Published by graham on Wed, 11/20/2013 - 17:51
You couldn’t invent last night.
The second gig in a super-busy launch week (Touching Distance…coming to a book shop near you) took me to Taunton School, an hour down the motorway. This turned out to be the chilly climax of a couple of weeks of events that grace the Taunton Literary Festival, brainchild of indomitable independent bookseller Lionel Ward.
Already, by the time I hit the motorway, the signs weren’t good: creamy full moon in a cloudless sky, gritter warnings on the overhead gantries, plus an alarming two degrees C registering on the camper van’s external temperature probe. No problem, I thought. Schools have central heating. These guys have a duty of care. No child, and no scribe, will ever die of frostbite.
Wrong. The event was scheduled for the school chapel. The door was wide open and the meeters and greeters were wearing two heavy duty duffle coats each. And little me? A light sweater and a scarf we picked up in Syria a couple of winters back when – once again – I got the weather badly wrong.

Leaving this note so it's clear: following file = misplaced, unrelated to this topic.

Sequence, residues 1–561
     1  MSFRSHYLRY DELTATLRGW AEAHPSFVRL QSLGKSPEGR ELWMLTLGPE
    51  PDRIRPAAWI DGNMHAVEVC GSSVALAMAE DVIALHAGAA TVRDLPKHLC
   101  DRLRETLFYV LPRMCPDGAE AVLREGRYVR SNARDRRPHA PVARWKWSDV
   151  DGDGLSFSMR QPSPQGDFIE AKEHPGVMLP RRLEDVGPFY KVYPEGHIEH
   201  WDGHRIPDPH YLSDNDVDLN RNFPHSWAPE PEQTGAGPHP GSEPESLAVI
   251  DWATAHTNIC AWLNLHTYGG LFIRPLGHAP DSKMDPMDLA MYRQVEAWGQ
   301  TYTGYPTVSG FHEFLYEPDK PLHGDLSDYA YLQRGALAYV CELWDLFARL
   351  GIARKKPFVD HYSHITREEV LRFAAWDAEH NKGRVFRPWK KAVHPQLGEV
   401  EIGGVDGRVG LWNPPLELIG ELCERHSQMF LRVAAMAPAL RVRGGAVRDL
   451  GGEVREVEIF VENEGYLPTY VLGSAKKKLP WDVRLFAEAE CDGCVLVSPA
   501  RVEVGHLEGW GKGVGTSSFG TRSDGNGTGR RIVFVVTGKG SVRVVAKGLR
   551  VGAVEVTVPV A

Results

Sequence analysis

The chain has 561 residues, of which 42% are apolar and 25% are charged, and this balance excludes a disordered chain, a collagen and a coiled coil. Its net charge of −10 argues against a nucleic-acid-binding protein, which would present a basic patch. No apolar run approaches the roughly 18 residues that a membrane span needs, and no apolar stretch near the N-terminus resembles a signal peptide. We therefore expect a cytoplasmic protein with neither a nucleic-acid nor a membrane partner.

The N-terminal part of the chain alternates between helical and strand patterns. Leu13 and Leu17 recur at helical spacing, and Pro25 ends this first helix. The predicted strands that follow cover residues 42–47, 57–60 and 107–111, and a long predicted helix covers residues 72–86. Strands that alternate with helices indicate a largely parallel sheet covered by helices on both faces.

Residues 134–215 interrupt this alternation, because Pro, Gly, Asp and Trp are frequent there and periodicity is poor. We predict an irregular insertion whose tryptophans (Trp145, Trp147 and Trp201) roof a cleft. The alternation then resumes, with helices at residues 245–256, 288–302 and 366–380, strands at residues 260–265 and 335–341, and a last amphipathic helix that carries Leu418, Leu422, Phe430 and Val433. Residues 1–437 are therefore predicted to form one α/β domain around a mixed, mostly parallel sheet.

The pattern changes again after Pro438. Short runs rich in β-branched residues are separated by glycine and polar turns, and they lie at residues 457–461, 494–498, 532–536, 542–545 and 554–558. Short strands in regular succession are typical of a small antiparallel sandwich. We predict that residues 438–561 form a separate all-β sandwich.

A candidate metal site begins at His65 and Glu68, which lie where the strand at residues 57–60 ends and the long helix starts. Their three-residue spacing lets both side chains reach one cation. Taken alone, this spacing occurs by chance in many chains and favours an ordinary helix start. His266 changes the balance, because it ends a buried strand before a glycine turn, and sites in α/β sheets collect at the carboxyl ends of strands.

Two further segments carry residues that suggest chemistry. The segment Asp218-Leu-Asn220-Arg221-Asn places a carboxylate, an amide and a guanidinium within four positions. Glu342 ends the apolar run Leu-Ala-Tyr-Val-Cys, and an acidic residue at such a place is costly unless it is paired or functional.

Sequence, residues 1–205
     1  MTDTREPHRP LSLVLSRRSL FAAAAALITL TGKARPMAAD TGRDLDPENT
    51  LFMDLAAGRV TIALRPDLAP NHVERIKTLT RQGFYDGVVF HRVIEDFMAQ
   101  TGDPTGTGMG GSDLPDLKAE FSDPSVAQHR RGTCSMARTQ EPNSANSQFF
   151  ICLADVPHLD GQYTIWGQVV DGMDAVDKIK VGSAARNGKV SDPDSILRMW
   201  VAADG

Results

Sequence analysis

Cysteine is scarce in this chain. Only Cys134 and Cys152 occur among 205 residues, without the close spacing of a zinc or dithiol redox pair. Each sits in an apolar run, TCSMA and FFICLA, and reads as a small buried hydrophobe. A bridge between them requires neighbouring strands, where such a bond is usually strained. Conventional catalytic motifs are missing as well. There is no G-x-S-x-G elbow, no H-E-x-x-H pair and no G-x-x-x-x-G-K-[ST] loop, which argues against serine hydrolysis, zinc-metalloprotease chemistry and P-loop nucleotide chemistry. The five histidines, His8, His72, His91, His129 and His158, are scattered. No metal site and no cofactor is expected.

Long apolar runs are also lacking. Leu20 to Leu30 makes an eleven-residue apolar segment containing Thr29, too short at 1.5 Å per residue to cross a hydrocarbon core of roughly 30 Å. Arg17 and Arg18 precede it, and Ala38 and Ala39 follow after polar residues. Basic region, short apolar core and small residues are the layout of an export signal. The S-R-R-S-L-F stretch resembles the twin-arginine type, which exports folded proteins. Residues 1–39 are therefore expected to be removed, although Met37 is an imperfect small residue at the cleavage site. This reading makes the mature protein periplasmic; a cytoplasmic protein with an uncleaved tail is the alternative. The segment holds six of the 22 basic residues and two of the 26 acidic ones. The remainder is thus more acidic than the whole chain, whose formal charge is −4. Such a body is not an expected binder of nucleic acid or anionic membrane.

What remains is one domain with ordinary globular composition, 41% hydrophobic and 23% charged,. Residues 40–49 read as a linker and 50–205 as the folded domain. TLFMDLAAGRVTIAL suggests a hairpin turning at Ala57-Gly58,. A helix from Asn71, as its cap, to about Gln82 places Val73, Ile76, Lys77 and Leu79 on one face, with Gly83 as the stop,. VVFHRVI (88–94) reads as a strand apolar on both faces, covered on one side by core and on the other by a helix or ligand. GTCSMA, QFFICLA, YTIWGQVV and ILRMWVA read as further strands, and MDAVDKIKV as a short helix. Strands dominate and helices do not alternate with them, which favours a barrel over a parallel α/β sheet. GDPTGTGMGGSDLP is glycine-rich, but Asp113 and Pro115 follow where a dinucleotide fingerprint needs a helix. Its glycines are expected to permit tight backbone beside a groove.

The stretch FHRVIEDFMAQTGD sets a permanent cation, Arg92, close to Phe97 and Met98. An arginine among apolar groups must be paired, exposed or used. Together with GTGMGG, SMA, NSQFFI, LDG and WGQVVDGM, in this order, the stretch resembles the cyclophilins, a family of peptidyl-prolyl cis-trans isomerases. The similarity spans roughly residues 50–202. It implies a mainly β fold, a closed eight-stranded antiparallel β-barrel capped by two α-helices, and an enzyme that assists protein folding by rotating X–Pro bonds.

But the scarf wasn’t enough. The audience gathered in an attentive semi-circle behind the altar, pink faces nesting in yet more overcoats. The single radiator wasn’t turned on and no one could find the key. I tried calisthenics. I tried dreaming of the Florida Keys. I even thought about begging or borrowing one of those wonderful coats. But in the end I did what every writer does: suspend disbelief, pretend this isn’t happening, and set about trying to explain the long years that had brought me to this freezing moment in deepest Somerset.
The audience, thank God, were more than kind and the evening went surprisingly well. We sold books, made friends, scored a laugh or two. And God, come to think of it, may well have played the key role. It was, after all, His House. And so far he seems to have spared us pneumonia.
Surreal? Just a bit…